The Wilderness of James marks an impressive feature debut for Michael Johnson, functioning as a thoughtful, engrossing character piece that allows you to leave your own troubles behind to experience, understand and care about someone else’s, and that quality in itself is refreshing. Hit the jump for my full review of The Wilderness of James from the SXSW Film Festival.
Months after his father’s passing, Abigail Charm (Virginia Madsen) decides that her son isn’t socially adjusting well so decides to send him to a therapist (Danny DeVito). James (Kodi Smit-McPhee) does have problems that need addressing, but clinical help isn’t doing the trick. However, in the midst of this gloomy haze, James does manage to find some solace in two new friends, another patient at the clinic, Val (Isabelle Fuhrman), and someone he meets on the street, Harmon (Evan Ross).
The Wilderness of James is a tough one to sum up because it isn’t a polished narrative with a clear-cut beginning, middle and end, but rather a genuine slice of life. The film moves to a very natural beat, and that beat is very much dictated by the heart of the piece – James.
Smit-McPhee is an anomaly. There’s something somewhat haunting about his work, especially when James insists that he knows when certain people will die, yet there’s also something undeniably alluring and even appealing about him as well. James is the antithesis of a stereotypical character. He’s clearly not the most popular kid in town, but there’s so much more to him than that. He loves music, the wild and his mother, even though he’s having a hard time expressing it. It’s also very evident that James is absolutely buried in remorse and it’s Smit-McPhee and Johnson’s ability to make you understand and also feel that, that makes The Wilderness of James such an effective character piece.
Thanks to a highly appropriate shot selection, spot-on editing that offers up just the right amount of reaction shots, and a slew of authentic performances, you’re firmly in James’ head all the way through. It’s a confusing place and James’ thoughts often read as poetry, which could require a double take to firmly understand, but that’s part of what makes the film such an immersive experience. From the moment Johnson establishes that connection between James and the viewer, it’s almost instinctual to try to figure out what’s wrong with him and that gives the film an interactive quality.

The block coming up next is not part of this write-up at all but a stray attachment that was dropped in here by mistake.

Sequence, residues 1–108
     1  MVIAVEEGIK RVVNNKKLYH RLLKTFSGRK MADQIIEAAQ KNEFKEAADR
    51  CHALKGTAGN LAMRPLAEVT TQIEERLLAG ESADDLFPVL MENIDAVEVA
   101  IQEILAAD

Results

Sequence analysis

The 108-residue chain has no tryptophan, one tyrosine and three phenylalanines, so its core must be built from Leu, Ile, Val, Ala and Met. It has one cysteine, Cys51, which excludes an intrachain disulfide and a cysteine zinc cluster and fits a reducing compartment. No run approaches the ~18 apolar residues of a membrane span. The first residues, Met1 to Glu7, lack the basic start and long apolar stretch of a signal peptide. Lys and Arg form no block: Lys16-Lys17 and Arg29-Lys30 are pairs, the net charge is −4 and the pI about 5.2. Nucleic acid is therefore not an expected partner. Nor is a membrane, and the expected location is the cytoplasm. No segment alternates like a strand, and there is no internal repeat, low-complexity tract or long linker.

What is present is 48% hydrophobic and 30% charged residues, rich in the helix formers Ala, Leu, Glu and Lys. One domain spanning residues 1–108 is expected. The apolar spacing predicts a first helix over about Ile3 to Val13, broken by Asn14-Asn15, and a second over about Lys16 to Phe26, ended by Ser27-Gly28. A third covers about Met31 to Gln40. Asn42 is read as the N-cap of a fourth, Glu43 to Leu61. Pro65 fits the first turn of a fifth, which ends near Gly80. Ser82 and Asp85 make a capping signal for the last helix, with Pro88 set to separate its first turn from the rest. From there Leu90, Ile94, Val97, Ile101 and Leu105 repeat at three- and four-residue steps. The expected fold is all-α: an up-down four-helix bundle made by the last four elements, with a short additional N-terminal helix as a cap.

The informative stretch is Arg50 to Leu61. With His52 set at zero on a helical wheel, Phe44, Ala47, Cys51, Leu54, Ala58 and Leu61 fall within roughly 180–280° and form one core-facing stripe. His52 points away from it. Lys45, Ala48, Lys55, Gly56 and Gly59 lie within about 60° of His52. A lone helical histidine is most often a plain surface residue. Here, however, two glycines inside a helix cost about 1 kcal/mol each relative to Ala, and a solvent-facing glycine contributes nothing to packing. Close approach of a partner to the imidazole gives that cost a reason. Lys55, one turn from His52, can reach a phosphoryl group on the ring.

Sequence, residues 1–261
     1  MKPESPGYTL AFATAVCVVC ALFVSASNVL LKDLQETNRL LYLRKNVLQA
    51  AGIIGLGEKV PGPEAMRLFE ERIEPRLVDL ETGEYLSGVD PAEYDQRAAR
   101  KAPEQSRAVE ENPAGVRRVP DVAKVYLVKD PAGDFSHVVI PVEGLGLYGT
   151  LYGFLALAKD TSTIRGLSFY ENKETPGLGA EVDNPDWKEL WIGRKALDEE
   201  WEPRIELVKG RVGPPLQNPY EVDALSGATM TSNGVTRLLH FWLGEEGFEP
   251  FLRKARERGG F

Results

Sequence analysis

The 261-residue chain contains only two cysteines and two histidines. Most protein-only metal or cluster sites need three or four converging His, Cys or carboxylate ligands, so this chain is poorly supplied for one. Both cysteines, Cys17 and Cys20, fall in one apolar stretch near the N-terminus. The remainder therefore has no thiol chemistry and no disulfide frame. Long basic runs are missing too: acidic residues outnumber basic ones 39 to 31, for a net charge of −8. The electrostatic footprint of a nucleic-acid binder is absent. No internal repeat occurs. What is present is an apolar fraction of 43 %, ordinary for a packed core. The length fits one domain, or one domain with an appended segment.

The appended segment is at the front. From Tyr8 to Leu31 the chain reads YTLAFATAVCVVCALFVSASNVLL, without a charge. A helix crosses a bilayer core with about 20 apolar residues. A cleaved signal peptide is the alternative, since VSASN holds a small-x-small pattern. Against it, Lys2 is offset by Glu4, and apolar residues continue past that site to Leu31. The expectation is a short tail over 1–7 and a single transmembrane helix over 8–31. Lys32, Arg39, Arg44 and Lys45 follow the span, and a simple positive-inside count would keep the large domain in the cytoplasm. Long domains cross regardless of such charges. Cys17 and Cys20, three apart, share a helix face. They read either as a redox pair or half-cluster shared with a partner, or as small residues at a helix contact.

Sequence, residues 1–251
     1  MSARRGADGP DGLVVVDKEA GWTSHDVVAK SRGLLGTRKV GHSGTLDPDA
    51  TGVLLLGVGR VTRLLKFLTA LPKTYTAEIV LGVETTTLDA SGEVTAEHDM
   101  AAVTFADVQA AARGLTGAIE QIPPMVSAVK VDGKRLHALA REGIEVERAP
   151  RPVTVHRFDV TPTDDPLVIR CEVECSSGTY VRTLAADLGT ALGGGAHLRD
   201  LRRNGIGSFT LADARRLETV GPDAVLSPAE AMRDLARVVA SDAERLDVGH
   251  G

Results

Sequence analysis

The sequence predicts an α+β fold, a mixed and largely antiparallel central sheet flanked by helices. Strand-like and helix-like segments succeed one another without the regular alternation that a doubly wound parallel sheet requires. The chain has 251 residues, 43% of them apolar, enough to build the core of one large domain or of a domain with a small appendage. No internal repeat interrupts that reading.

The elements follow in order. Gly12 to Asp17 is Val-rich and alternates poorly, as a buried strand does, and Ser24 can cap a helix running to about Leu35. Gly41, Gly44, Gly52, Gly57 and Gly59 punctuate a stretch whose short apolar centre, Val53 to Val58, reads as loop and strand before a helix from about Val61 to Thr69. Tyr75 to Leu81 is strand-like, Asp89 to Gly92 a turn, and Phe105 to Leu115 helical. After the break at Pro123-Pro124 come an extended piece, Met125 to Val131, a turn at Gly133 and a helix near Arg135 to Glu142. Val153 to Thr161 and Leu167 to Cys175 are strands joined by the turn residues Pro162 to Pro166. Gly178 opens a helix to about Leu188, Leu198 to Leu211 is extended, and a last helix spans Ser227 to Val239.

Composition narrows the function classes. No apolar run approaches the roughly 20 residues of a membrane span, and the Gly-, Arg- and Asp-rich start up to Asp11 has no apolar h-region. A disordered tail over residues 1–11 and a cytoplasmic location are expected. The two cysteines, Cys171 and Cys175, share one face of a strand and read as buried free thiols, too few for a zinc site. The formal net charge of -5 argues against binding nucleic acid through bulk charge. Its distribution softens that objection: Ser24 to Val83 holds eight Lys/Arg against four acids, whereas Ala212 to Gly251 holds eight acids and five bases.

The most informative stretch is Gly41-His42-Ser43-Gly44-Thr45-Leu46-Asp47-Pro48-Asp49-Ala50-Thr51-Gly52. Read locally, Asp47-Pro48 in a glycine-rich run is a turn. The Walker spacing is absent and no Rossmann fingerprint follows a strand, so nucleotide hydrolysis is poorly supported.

James rarely explains his motivation. In fact, he rarely understands why he does certain things to begin with, but Smit-McPhee manages to construct a remarkably comprehensive character via reactions alone. Johnson uses exposition sparingly in his script so understanding James’ feelings is highly reliant on Smit-McPhee’s ability to convey them, and he does so quite well. From there, the characters around James provide even more context.
DeVito is a bit of a throwaway as the therapist. There is an attempt at turning him into a unique source of help, but rather than convince the viewer that there’s a method to his madness, the fact that he spends most of his session with James sanding handmade chess pieces comes across exactly how James perceives it, as though he’s not even trying to do his job. Madsen finds more success as the sole other adult character in the film, James’ mother. She doesn’t get much screen time, but the little she does is used well, establishing a believable connection with Smit-McPhee and also offering a much-needed second opinion on his condition, especially considering DeVito’s character never offers one.
This is James’ story, but he’s not in a sound state of mind and that is reflected through a variety of fantastical story components making it vital for supporting characters to ground the film. Fuhrman is especially effective in this respect because she’s one of the first people we see interact with James other than his mother. Val’s got quirks of her own, but she appears far more stable than James so watching her interact with him adds a pivotal layer to the character, and then Harmon takes it from there. Ross is downright mesmerizing from the moment he steps on screen. His voice, his style, charm and kindness all combine to make him a very appealing person, making you understand why James is drawn to him. After the initial introduction, Harmon and James form a genuine friendship that goes through a major evolution and it directly reflects and, in turn, enhances James’ personal transformation.
The Wilderness of James is a no-frills film that offers you the opportunity to leave your reality behind and get a taste of someone else’s. There’s no riveting build or quick fixes, just a heartfelt, honest representation of one young man’s tough times and whether or not you’re able to directly relate to his issues, James’ experience actually could inspire you to take a fresh approach to your own.
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